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« Home Road Stewart | Main | Defining the Strike Zone »

Wandy Rodriguez and the Curve

Wandy Rodriguez is regarded as one of the better starting pitchers in baseball. He was rewarded as such this off-season when the Houston Astros signed him to a three-year, $34 million extension.

However, the left-hander struggled mightily during the first half of the 2010 season. In his first 14 starts, he posted a 6.09 ERA with 52 strikeouts and 34 walks in 75 and one-third innings. In his next 18 starts, he posted a 2.03 ERA with 126 strikeouts and 34 walks in 119 and two-thirds innings. What happened?

At Baseball Prospectus, Christina Kahrl suggested that Rodriguez refined his curve. Using data from Baseball Analytics, we shall find out exactly how Rodriguez changed.

We will start out with some of the results, first looking at the batted ball splits. In the first half, Rodriguez induced 46 ground balls out of 82 total batted balls (56 percent); in the second half, he induced 89 grounders out of 137 total (65 percent). As we can see by the league trends on batted balls (and intuitively), it is significantly harder to hit for power when the ball hits the ground.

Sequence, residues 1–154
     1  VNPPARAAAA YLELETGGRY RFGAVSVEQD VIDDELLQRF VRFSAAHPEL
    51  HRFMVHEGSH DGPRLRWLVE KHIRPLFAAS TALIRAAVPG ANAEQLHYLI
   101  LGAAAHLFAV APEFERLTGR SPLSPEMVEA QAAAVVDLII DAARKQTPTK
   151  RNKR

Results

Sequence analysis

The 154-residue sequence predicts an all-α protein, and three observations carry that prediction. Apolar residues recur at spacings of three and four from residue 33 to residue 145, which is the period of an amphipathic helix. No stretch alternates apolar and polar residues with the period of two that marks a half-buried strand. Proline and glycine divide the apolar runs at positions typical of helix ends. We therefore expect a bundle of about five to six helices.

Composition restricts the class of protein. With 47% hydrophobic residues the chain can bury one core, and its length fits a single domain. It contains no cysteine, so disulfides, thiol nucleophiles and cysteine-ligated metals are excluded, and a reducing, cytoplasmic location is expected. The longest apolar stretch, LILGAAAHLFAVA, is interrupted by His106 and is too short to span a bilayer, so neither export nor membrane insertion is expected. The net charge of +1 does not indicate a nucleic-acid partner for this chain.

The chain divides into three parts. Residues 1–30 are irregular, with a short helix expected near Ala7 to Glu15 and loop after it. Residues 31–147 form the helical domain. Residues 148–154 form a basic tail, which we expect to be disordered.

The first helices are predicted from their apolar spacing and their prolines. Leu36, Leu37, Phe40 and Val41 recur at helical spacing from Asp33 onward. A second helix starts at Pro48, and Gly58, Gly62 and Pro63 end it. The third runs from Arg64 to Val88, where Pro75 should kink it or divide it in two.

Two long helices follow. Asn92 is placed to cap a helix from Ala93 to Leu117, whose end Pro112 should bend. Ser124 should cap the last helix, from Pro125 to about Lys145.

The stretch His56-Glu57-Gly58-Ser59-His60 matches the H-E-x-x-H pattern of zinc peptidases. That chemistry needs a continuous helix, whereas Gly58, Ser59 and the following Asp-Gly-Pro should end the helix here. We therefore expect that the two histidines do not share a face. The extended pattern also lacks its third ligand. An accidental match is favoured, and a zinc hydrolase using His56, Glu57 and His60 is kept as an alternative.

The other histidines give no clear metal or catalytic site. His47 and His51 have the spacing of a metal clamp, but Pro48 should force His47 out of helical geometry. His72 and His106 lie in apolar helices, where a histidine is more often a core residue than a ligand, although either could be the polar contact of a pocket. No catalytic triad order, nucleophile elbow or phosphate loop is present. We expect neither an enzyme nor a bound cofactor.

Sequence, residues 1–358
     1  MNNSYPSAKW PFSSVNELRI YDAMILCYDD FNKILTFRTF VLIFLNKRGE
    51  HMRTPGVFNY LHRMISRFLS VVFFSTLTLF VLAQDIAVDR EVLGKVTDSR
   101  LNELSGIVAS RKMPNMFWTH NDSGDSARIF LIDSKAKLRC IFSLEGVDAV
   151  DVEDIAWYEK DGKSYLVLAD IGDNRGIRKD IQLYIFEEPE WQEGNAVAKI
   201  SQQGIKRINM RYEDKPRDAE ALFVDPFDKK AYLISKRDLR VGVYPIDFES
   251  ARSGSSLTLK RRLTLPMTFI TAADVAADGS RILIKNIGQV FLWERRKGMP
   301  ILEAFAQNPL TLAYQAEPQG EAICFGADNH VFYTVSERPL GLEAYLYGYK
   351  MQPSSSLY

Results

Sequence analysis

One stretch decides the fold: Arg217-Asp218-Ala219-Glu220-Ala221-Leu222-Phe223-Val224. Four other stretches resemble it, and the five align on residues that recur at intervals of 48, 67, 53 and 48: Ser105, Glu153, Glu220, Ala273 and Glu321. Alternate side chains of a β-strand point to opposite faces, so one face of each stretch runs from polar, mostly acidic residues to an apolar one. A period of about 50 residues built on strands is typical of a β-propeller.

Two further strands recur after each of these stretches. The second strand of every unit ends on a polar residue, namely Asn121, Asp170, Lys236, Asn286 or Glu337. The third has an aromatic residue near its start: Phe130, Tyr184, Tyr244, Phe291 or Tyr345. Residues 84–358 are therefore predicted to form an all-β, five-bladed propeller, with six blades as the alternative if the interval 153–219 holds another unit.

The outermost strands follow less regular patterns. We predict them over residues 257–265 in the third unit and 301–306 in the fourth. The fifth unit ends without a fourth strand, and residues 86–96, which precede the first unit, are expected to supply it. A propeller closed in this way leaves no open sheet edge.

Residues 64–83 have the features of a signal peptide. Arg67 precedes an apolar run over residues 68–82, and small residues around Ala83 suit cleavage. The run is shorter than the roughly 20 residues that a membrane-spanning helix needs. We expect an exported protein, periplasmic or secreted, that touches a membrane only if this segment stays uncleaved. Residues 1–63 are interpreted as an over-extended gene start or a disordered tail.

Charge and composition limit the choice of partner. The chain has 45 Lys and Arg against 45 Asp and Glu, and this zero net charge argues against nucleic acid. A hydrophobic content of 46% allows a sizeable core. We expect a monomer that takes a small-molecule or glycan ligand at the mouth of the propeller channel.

Did he change his general location? During the first half, he was hitting the middle of the plate more often overall. His performance against lefties stayed about the same (.276 wOBA to .273) but improved drastically against right-handers (.341 to .290). The heat maps showed that he hit the corners better and even expanded outside of the strike zone.

Wandy Rodriguez, first half vs. RHWandy Rodriguez, second half vs. RH

In both halves, Rodriguez opted not to use the curve in hitters' counts, choosing instead to use them in pitcher-favored and even counts. His performance in pitcher-favored counts did not vary much at all (.257 wOBA to .226) but in even counts, his wOBA allowed dropped from .355 to .283. The heat maps show you the severe change in location as well.

Wandy Rodriguez, first half, even counts vs. RHWandy Rodriguez, second half, even counts vs. RH

Many have tried to explain Rodriguez's second-half transformation, but the answer may simply be that he located his curve better. After a bit of Googling, I could not find out if pitching coach Brad Arnsberg had Rodriguez change his grip -- or arm slot, or anything else for that matter -- but it would not surprise me if that were the case.

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